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January 10, 2010

Install Phusion Passenger (mod_rails) on cPanel Server

Filed under: Uncategorized — admin @ 1:49 am

Although cPanel has built in support for running Ruby or Rails apps, it uses Mongrel as the server and doesn’t allow more than one instance per user. That makes it pretty useless for any application that gets even a moderate amount of traffic. Instead we can install Phusion Passenger (a.k.a mod_rails), which in my opinion is a much nicer solution anyway.

First we need to make sure Ruby is installed via a cpanel script:

sudo /scripts/installruby

Now we can install the passenger gem:

sudo gem install passenger

Next, compile the apache2 module

sudo passenger-install-apache2-module

The installer may tell you that the the Apache development headers are needed and will suggest ‘yum install httpd-devel’. Since cPanel compiles it’s own version of apache, yum is configured to ignore that package. That is OK, because the program we need is already installed, we just have to tell Passenger where to find it.

APXS2=/usr/local/apache/bin/apxs PATH=$PATH:/usr/local/apache/bin passenger-install-apache2-module

Everything should go OK this time, and the installer will give you a few lines to add to your apache config file. It’s best practice with cPanel not to put these in your main httpd.conf, but rather the pre_main_global.conf:

vi /usr/local/apache/conf/includes/pre_main_global.conf
LoadModule passenger_module /usr/lib/ruby/gems/1.8/gems/passenger-X.X.X/ext/apache2/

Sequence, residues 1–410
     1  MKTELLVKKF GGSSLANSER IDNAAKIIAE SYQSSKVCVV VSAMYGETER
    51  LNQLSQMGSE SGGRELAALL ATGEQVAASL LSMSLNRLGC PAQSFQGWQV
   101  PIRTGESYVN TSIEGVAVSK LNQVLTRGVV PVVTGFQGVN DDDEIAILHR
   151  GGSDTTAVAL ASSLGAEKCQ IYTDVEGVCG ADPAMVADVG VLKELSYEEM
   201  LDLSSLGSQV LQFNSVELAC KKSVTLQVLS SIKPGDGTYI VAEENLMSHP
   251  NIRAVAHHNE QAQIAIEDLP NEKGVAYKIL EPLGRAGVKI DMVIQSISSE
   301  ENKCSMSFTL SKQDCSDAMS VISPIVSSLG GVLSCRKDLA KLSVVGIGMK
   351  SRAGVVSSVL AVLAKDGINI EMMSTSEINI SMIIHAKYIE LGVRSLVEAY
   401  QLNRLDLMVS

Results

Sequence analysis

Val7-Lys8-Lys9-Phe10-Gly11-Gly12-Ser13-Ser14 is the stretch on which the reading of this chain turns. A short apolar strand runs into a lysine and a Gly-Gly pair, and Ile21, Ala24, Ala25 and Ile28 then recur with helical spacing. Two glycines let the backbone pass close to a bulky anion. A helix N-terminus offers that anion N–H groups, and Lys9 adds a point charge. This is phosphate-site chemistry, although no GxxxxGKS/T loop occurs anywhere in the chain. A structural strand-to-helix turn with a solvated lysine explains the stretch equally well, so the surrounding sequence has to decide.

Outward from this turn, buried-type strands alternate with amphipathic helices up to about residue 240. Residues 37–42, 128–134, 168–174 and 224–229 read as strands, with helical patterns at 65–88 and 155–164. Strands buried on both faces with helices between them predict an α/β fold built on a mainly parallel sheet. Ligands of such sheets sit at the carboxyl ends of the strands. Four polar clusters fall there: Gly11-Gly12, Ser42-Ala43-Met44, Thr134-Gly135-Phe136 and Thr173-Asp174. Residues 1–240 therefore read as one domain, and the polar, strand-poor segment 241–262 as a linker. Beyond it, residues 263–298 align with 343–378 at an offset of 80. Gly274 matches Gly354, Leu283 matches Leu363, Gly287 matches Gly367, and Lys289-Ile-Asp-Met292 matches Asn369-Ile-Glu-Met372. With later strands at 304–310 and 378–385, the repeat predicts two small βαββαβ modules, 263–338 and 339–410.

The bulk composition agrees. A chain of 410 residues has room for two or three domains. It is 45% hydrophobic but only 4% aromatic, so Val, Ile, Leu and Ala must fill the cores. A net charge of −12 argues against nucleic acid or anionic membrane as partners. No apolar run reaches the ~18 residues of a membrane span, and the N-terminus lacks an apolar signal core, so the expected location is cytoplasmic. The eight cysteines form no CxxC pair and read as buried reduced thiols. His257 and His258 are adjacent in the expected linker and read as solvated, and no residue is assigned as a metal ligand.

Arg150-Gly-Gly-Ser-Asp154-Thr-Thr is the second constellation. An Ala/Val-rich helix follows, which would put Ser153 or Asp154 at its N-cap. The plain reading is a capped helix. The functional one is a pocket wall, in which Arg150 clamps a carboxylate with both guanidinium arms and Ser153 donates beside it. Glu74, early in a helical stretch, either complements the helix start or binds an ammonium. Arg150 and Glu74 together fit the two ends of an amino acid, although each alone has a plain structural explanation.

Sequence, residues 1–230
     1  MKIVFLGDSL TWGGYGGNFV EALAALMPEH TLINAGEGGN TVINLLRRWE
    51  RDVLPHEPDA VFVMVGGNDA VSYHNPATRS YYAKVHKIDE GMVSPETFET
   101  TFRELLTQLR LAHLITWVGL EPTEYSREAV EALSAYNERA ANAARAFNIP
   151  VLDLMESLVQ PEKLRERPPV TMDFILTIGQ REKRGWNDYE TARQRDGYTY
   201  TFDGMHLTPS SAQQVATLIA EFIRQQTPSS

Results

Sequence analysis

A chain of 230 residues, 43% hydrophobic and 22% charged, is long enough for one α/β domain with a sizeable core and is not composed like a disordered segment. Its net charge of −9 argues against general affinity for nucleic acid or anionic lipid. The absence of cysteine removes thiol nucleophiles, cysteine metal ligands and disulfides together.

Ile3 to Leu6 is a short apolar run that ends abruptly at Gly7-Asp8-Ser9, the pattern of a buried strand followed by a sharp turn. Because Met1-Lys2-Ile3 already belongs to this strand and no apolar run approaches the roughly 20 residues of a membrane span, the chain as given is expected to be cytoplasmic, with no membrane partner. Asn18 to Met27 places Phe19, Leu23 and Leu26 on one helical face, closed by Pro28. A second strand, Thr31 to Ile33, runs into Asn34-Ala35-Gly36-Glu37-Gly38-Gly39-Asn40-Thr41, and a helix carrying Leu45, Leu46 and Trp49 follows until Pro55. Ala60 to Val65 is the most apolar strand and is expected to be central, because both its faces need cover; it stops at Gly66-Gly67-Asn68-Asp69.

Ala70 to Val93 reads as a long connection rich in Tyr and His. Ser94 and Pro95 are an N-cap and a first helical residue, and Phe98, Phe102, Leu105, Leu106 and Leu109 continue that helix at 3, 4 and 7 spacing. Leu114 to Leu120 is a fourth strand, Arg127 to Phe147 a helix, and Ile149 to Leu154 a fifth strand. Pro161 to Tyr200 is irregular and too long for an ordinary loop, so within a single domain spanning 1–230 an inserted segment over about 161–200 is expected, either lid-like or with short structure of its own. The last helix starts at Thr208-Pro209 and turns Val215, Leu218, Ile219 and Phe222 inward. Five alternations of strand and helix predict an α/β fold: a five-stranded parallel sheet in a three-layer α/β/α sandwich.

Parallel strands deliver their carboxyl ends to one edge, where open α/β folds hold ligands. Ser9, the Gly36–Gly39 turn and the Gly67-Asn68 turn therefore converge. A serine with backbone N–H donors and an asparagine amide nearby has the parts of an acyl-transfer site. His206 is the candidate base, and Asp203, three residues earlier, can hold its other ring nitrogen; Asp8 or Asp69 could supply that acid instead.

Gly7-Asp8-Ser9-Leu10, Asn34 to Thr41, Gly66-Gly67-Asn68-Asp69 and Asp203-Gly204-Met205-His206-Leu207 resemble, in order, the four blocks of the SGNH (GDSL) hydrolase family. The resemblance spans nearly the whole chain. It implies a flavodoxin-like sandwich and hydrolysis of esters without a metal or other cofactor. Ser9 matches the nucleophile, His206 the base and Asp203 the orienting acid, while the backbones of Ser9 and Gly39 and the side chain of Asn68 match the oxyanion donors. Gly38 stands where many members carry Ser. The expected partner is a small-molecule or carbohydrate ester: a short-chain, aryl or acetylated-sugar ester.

PassengerRoot /usr/lib/ruby/gems/1.8/gems/passenger-X.X.X
PassengerRuby /usr/bin/ruby

Now we need to setup passenger to run on a per virtual host basis. Open up the httpd.conf file and find the virtual host you want to run a Rails app and add this line:

Include “/usr/local/apache/conf/userdata/std/2/username/domain_name/*.conf”

Replace username with the username of the account.

Now we need to create the directory we just specified, and also create a configuration file letting passenger know it should load for this host:

mkdir -p /usr/local/apache/conf/userdata/std/2/username/domain_name/ vi /usr/local/apache/conf/userdata/std/2/username/domain_name/rails.conf

PassengerAppRoot /home/username/railsapp

RailsBaseURI /

To make sure those files load, run this:

/scripts/ensure_vhost_includes –user=username

We need to make sure cPanel records the changes we have for when it rebuilds those files, so run the following two commands:

/usr/local/cpanel/bin/apache_conf_distiller –update /usr/local/cpanel/bin/build_apache_conf

We can now restart apache:

/etc/init.d/httpd restart

Since by default the Apache Document Root for each host is /home/username/public_html, you will probably need to symlink that to your applications public directory:

ln -s /home/username/railsapp/public /home/username/public_html

To restart that application, you just need to touch the restart.txt file:

touch /home/username/railsapp/tmp/restart.txt

And there you have it, a working high performance rail application server on cPanel! For more information on tuning the Passenger configuration, read the complete docs.


I just modified few lines from this article after i installed passenger on my cpanel server.

original source of this article is:

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